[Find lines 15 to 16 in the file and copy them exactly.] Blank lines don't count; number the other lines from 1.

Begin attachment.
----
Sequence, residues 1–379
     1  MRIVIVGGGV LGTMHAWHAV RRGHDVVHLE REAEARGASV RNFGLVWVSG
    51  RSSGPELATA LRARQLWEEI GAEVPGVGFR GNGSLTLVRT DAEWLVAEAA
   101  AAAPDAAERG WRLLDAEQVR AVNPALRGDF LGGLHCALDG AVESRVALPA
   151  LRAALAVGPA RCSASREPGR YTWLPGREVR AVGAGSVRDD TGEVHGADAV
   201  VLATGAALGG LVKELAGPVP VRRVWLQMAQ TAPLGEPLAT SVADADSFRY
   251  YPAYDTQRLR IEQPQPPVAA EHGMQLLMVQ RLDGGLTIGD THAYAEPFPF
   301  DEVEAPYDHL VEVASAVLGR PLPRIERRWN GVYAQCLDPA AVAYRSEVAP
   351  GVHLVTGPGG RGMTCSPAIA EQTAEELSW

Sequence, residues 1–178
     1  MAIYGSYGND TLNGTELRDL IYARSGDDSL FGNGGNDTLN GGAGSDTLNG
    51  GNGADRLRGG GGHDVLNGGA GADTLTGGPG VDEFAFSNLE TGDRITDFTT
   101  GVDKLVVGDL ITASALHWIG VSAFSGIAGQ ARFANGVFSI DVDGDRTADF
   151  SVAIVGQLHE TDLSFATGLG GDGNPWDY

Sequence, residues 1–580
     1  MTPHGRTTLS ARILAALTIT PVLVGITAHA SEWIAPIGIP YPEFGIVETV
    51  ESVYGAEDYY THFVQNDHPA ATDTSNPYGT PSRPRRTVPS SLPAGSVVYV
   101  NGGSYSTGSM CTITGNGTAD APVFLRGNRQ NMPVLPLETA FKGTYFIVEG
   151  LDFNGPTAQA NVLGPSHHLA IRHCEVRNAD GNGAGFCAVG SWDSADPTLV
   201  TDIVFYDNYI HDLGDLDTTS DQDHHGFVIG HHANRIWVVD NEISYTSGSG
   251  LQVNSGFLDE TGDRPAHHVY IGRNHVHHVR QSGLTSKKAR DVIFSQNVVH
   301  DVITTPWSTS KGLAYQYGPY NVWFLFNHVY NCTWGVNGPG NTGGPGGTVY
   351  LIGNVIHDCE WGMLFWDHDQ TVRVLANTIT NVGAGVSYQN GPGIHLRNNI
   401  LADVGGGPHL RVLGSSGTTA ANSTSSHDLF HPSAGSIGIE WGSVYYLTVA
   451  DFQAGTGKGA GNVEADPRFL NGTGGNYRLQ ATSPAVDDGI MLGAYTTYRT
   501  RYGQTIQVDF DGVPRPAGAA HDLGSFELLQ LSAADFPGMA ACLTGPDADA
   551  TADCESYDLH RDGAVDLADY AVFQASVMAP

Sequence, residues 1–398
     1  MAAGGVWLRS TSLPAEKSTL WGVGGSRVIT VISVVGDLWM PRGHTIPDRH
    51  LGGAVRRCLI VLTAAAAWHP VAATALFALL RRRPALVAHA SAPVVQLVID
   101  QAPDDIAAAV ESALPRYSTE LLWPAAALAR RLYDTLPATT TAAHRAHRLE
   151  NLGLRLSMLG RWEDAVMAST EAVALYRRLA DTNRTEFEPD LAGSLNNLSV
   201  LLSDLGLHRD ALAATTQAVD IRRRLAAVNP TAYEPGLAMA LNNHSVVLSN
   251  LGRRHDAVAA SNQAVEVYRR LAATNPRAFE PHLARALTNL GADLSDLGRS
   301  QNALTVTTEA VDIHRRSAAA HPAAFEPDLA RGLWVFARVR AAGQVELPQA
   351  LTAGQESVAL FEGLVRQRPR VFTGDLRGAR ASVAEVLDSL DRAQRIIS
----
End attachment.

Sequence, residues 1–580
     1  MTPHGRTTLS ARILAALTIT PVLVGITAHA SEWIAPIGIP YPEFGIVETV